Bring him back?

Astros pitcher Dallas Keuchel

Would bringing Keuchel back solidify the Astros starting rotation?

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With all that said, as an Astros fan, would you be willing to take the former Cy Young Award winner back and pay him some pretty significant money for one year or a short term deal of 2-3 seasons? He is looking for $17.5 million for this year and is said to be willing to take a little less per season on a long term agreement. Would he be worth the money? Would he bolster the rotation that much, considering what they already have on the roster? Would he be worth the money or would the team be better off waiting to spend and seeing what needs arise as the season rolls on? I tend to think they are good with what they have and can wait to see what they need, but I know there are others out there who think the experience and veteran leadership Kuechel brings to the table are too good to pass up as long as the price is right. What do you think? Should he stay or should he go? After all, it's always good to have options.

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After dropping the middle game to the Rangers to split the first two games, the Astros looked for an improved offensive showing in the finale on Thursday night to take the series. Here is a rundown of the rubber game:

Final Score: Astros 2, Rangers 1.

Record: 25-25, second in the AL West.

Winning pitcher: Framber Valdez (4-3, 3.82 ERA).

Losing pitcher: Jordan Lyles (1-5, 7.07 ERA).

Valdez another Houston pitcher to thrive against Rangers

Much like Jose Urquidy on Tuesday and Lance McCullers JR. on Wednesday, Framber Valdez put up an excellent pitching line on Thursday against the Rangers. After allowing two singles in the first and a single in the second, he would settle in and hold the Rangers to just one baserunner, which came via a walk through six frames.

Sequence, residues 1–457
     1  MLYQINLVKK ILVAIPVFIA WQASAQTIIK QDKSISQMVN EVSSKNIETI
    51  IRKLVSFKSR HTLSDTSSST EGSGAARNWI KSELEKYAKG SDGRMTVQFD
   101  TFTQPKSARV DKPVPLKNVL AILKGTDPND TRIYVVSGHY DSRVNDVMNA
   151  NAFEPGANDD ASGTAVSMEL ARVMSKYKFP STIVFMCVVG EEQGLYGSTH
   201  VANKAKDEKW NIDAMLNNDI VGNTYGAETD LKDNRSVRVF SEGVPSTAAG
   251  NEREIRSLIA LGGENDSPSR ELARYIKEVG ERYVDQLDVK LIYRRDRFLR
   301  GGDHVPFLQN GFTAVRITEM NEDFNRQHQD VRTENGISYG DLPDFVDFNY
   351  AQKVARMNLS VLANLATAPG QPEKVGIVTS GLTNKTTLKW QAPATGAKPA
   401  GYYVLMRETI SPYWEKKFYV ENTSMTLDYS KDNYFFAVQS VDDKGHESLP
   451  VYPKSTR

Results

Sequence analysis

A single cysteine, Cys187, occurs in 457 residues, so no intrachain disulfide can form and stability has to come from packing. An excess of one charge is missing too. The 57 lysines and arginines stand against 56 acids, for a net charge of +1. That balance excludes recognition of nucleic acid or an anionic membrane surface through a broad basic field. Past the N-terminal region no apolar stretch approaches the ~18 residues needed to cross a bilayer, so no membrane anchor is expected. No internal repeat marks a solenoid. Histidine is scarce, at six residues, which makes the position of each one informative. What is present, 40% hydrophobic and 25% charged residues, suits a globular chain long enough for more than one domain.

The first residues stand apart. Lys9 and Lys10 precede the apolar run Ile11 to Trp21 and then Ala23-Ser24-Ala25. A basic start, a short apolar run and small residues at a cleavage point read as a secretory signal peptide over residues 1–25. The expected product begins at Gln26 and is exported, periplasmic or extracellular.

He would try to get through the seventh, but after a long at-bat and one-out double, Dusty Baker would stop his night and go to the bullpen. Unfortunately, that double would end up scoring as Josh James would allow an RBI-single, charged to Valdez, before finishing the inning. Along the way, Valdez was able to ring up eleven Rangers. His final line: 6.1 IP, 4 H, 1 R, 1 ER, 1 BB, 11 K, 0 HR, 100 P.

Kyle Tucker gets the big hit of the night

Luckily, Houston was still in the lead after the Rangers' run, thanks to a big hit by Kyle Tucker back in the second inning. After Alex Bregman reached base on a walk to become the first runner for the Astros, Kyle Tucker would break out of his recent slump with a two-run home run, putting Houston ahead 2-0 at the time.

Jordan Lyles was otherwise handling the Astros just like Kyle Gibson the night prior, who threw a complete-game shutout. Other than the Tucker homer, Lyles allowed another hit in the second and one in the third before retiring the next 12 Astros in order before an error in the seventh broke that streak, giving Houston their first baserunner since two outs in the third.

Houston takes the series and moves back up to .500

Josh James returned to the mound to start the eighth, and he would get a 1-2-3 inning against the top of Texas' lineup, including back-to-back strikeouts to end it. After another scoreless inning by Houston at the plate, that would set up a save opportunity in the top of the ninth. The opportunity would go to Brooks Raley, and he would notch the save with a scoreless inning, giving Houston the series and moving them back up to .500 at 25-25.

Up Next: The Astros' final three regular-season games played at Minute Maid Park in 2020 are this weekend in a series against the Diamondbacks. In Friday's 7:10 PM opener, Zack Greinke (3-2, 3.77 ERA) will be on the mound for Houston while Zac Gallen (1-2, 3.15 ERA) will be the starter for Arizona.